What is Cloverfield, exactly? That’s a question this curious franchise is in no hurry to answer. I revisited the films, newly released on 4K UHD Blu-ray last week, and still couldn’t give you a really convincing answer. In a way it feels like an attempt to reverse engineer a mystery box; a film series, whose actual films seem to take a back seat to their viral marketing campaigns.
10 Cloverfield Lane is the better film, thanks mostly to a taught script that exploits the claustrophobia of the bunker setting. It’s a small film with tight focus. Mary Elizabeth Winstead is a woman on the run who awakens from a car crash to find herself a prisoner in an underground bunker. John Goodman is Howard, the owner of the bunker, who claims to have rescued her from an invasion going on up top. John Gallagher Jr. plays the bunkers’ other occupant, with a somewhat ambiguous connection to Howard.
Of the three leads, John Goodman has the trickiest job, and the most memorable role here. I haven’t seen a character so blatantly psychotic since Jack Torrance in Kubrick’s The Shining. Goodman sinks his teeth into the role, which on paper shouldn’t really work, and runs with what he’s given. He threads a fine needle between menacing and pathetic. He’s a character with all the power, but his psychological I vulnerability makes the film’s psychological tug-of-war anyone’s game.
10 Cloverfield Lane’s connection to 2008’s Cloverfield is a little bit of a reach. And without giving too much away (that would be defeating the purpose of a mystery box, after all), I find the connecting tissues to the franchise to be the weakest part of 10 Cloverfield Lane. It’s no secret that 10 was retconned into the Cloverfield brand, and the seams show.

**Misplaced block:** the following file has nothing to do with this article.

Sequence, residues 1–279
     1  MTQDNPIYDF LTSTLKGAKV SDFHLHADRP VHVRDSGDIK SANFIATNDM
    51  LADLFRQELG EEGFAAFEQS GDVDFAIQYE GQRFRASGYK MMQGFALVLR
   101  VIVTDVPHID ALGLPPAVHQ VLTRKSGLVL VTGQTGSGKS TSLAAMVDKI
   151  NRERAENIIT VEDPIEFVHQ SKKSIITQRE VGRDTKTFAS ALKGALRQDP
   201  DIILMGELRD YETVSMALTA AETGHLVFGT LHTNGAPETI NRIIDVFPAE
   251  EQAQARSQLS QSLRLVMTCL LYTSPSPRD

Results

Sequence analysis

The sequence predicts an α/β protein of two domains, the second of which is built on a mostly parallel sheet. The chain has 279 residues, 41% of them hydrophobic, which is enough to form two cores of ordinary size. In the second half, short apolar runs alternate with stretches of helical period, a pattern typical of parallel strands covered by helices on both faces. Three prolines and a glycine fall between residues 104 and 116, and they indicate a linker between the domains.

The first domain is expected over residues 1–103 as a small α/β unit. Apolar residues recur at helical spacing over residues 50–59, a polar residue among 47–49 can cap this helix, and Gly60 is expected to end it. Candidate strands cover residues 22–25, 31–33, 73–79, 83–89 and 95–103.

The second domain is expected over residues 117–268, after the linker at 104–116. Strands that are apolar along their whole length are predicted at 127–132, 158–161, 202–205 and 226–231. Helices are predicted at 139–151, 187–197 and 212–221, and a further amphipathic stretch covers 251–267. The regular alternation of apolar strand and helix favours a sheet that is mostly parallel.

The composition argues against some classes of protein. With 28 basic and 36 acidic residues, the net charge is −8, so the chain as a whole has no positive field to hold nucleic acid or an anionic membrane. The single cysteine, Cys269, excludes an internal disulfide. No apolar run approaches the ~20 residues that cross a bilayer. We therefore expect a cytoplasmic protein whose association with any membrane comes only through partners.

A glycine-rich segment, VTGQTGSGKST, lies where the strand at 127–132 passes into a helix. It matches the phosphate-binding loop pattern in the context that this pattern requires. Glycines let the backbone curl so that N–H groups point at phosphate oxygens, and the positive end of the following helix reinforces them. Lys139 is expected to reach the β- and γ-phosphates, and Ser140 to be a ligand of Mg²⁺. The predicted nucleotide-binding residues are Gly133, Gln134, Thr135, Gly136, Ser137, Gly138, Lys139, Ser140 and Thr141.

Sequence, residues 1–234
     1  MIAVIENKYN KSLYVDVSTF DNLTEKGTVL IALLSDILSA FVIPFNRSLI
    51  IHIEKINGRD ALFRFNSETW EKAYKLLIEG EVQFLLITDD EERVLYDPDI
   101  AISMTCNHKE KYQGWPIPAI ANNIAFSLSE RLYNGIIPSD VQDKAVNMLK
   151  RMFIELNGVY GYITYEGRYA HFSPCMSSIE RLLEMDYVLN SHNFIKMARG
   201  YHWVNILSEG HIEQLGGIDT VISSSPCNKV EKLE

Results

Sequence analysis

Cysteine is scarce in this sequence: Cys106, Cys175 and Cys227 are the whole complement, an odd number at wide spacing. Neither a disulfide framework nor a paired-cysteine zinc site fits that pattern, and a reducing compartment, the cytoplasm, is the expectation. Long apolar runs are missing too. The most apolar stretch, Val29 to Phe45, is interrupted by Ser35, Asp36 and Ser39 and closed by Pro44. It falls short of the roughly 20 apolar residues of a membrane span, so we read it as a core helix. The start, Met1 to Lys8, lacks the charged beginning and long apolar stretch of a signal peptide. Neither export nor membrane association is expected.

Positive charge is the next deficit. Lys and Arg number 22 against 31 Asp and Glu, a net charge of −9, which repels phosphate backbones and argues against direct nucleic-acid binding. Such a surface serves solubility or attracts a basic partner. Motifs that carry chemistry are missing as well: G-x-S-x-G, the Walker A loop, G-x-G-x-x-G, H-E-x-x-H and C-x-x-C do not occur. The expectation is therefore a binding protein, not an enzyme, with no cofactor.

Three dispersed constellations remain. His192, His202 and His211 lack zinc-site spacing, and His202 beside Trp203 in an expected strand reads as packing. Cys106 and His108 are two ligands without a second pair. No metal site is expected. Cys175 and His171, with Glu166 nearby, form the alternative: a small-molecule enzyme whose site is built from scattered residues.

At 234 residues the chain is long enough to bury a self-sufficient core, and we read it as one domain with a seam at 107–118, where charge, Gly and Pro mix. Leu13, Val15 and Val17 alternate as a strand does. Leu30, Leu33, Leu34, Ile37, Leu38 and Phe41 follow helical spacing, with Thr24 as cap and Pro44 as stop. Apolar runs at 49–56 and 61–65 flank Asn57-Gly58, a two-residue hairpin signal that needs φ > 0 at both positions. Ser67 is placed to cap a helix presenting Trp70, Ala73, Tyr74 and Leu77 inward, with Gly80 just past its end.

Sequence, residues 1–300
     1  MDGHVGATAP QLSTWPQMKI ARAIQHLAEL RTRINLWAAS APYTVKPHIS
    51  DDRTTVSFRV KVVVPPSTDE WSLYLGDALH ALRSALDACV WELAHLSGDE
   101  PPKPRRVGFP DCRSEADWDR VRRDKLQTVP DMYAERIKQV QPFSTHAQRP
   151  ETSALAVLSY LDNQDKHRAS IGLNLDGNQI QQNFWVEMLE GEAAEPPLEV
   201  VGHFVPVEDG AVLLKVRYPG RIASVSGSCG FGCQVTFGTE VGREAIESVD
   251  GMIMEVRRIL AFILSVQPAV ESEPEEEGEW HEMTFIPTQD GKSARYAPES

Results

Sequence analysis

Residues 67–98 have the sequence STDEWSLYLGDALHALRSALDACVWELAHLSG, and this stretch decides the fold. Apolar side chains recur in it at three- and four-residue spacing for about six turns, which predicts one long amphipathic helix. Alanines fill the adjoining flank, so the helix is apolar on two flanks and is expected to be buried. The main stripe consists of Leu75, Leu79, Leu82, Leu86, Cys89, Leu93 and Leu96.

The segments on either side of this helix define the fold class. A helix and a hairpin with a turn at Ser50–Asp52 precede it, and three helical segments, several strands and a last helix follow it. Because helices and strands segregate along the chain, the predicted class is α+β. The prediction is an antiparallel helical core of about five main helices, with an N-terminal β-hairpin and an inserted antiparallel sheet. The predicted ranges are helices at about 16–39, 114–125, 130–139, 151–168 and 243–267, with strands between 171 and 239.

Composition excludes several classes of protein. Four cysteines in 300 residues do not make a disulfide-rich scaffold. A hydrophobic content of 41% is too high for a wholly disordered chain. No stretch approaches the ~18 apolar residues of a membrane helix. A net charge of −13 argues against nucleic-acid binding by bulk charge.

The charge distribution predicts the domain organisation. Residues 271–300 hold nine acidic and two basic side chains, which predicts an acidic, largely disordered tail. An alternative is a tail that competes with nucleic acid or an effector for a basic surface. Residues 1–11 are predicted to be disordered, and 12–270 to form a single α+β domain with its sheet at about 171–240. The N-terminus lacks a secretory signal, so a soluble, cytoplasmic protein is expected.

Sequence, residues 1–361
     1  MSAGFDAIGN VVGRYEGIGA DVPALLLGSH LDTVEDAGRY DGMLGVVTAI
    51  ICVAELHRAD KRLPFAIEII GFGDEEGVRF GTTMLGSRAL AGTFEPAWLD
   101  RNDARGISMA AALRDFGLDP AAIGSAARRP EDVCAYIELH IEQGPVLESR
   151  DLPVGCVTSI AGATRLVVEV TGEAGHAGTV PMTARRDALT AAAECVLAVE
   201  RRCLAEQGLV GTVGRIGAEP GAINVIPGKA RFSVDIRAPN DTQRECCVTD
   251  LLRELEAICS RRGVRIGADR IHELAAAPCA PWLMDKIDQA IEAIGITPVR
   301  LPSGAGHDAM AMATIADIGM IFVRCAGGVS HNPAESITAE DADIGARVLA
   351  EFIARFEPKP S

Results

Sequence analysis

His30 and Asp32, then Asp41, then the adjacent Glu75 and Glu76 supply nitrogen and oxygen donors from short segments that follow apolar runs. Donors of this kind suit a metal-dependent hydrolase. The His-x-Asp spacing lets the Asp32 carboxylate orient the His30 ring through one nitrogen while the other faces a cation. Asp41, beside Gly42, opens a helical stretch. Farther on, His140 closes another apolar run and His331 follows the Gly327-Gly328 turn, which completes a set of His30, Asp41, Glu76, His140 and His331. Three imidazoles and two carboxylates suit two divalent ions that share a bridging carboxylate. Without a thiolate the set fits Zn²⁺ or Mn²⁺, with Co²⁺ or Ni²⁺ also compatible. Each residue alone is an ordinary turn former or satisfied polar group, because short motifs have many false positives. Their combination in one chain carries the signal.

If anything, the unifying thread isn’t a shared world, or narrative, but a marketing process; an exercise in producer JJ Abrams’ much hyped “mystery box” method of filmmaking.
Which brings us to Cloverfield. It mostly holds up as an interesting experiment; a not-entirely-satisfying monster movie, that nevertheless effectively taps into the unease of the waning Bush years, and manages to be pretty prescient about how we as a generation document our lives. As a found footage movie, the seams are exposed a little here. The lengths to which editing choices have to be explained by dialogue and plot, call attention to themselves, and detract from the suspension of disbelief. Cloverfield’s biggest success though, is the way it incorporates its VFX into its found-footage format. It marks a point where VFX have progressed enough to move beyond the challenge and novelty of simply showing something cool, and got to the point of being able fully integrate it in the movie’s visual style. The VFXs are seamless, in that the film looks like it was shot on a digital camera by a guy on the street.
I’m not convinced these two stories are building towards a bigger unified whole, but both films successfully manage to borrow the ethos of indie filmmaking and apply it to a story mostly seen in tent-pole summer fare. They’re small, intimate movies about the stuff that would be going on in the margins of a would-be blockbuster. That unique angle make them worth a revisit.